A few days ago, we notified that companies contracted by Apple were listening to private conversations from users Crab (short voice clips) to enhance your speech recognition system. The problem is that, from the information given, the content of these recordings was far from harmless or disposable.
Shortly thereafter, Apple said it was "committed to protecting user privacy" and that while conducting a thorough review of things, it suspended the review of these audios. In addition, as part of a future software update, the company has indicated that users may or may not participate in this review program.
Of course, such actions would not be enough to soothe others' peaks; proof of that it was opened a to the collective (persons who come together for the same purpose to sue a particular company) in the Northern California Federal Court, in which the plaintiffs accuse Ma of unlawful and intentional registration of confidential communications by individuals without their consent.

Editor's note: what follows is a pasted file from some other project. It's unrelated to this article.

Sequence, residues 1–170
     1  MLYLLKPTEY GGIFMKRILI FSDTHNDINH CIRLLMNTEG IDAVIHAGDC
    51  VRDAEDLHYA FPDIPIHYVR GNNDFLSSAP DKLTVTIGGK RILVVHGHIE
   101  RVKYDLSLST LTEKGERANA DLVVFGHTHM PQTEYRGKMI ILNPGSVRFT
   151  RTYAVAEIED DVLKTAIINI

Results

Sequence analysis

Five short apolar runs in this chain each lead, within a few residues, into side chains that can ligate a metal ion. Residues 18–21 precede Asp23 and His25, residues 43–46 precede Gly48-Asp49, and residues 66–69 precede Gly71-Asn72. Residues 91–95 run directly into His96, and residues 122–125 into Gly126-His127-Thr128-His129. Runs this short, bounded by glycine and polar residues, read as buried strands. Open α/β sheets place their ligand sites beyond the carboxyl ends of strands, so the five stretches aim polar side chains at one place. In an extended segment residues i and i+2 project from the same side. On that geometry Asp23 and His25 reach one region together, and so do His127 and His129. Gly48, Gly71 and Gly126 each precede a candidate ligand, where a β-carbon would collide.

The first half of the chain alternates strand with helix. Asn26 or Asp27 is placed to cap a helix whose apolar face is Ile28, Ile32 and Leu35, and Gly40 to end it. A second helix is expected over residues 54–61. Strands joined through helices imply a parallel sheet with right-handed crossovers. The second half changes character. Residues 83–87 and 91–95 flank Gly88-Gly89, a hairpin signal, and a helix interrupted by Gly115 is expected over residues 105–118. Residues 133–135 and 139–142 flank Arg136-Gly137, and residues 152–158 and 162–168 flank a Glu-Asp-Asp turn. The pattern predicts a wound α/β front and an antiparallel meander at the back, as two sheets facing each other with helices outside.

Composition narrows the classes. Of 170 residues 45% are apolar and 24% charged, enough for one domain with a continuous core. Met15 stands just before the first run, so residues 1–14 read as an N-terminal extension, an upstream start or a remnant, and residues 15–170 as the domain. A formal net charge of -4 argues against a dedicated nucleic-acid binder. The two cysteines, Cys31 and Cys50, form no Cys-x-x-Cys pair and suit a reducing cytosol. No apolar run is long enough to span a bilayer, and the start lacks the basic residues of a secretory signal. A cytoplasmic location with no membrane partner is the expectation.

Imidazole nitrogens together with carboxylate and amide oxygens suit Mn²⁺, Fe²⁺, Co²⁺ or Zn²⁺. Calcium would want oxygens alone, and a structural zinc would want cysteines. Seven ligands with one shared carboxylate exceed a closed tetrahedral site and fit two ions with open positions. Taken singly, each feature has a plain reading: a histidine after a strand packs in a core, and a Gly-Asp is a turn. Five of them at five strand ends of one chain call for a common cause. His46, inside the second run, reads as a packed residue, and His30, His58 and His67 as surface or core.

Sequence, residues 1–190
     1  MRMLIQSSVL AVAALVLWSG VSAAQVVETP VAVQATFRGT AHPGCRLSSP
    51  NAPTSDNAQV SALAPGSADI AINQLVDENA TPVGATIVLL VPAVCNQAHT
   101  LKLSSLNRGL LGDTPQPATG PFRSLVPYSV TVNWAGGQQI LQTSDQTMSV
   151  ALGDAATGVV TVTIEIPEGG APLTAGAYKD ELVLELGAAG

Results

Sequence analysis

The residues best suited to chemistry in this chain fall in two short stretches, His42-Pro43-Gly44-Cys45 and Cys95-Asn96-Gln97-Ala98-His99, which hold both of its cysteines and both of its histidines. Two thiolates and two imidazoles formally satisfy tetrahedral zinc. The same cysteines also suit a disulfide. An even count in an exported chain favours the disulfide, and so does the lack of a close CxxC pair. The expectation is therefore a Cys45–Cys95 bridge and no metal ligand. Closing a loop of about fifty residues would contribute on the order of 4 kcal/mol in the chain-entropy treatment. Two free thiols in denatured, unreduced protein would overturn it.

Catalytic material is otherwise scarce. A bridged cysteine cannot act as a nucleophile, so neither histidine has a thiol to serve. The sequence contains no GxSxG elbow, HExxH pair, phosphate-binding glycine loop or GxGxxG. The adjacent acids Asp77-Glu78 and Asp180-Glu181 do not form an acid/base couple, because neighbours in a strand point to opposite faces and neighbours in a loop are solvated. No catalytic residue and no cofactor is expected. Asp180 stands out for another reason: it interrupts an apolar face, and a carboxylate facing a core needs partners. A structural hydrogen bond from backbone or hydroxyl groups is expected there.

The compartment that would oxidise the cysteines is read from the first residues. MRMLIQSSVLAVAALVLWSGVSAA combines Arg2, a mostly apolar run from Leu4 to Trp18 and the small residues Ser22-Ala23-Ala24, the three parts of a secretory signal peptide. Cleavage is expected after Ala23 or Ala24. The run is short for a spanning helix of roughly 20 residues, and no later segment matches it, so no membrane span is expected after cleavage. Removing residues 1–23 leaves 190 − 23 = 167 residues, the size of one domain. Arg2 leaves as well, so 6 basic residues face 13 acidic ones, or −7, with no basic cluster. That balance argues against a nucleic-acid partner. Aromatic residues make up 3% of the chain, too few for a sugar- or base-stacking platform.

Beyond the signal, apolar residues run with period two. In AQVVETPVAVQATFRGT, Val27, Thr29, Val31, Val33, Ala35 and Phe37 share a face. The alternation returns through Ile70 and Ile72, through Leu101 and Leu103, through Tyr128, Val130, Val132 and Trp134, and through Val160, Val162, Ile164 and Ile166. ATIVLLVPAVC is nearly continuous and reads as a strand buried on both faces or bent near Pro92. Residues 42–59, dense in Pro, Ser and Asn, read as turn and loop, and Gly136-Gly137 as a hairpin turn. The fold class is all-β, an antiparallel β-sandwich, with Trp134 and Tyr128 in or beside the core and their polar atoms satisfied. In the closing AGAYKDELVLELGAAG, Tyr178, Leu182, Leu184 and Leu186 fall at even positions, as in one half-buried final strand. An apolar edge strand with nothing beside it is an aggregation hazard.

The lawsuit alleges that Apple violated several laws, such as the California Privacy Breach Act, the Unfair Competition Act, the Consumer Appeals Act, and the Declaratory Judgment Act.
According to the complainants, Apple's terms and conditions do not refer to the fact that their recordings would be saved and listened to by employees. They also say that anyone with a social worker device was exposed, emphasizing also Siri's interactions that can be recorded even due to accidental activations (when she thinks you said “Hey, Siri”) .
The plaintiffs are asking for $ 5,000 for each violation (as a compensation), for Apple to pay all attorney expenses, for the company to stop making such recordings, and for all claims already made to be properly erased.
For those interested, the collective action file can be accessed here (PDF).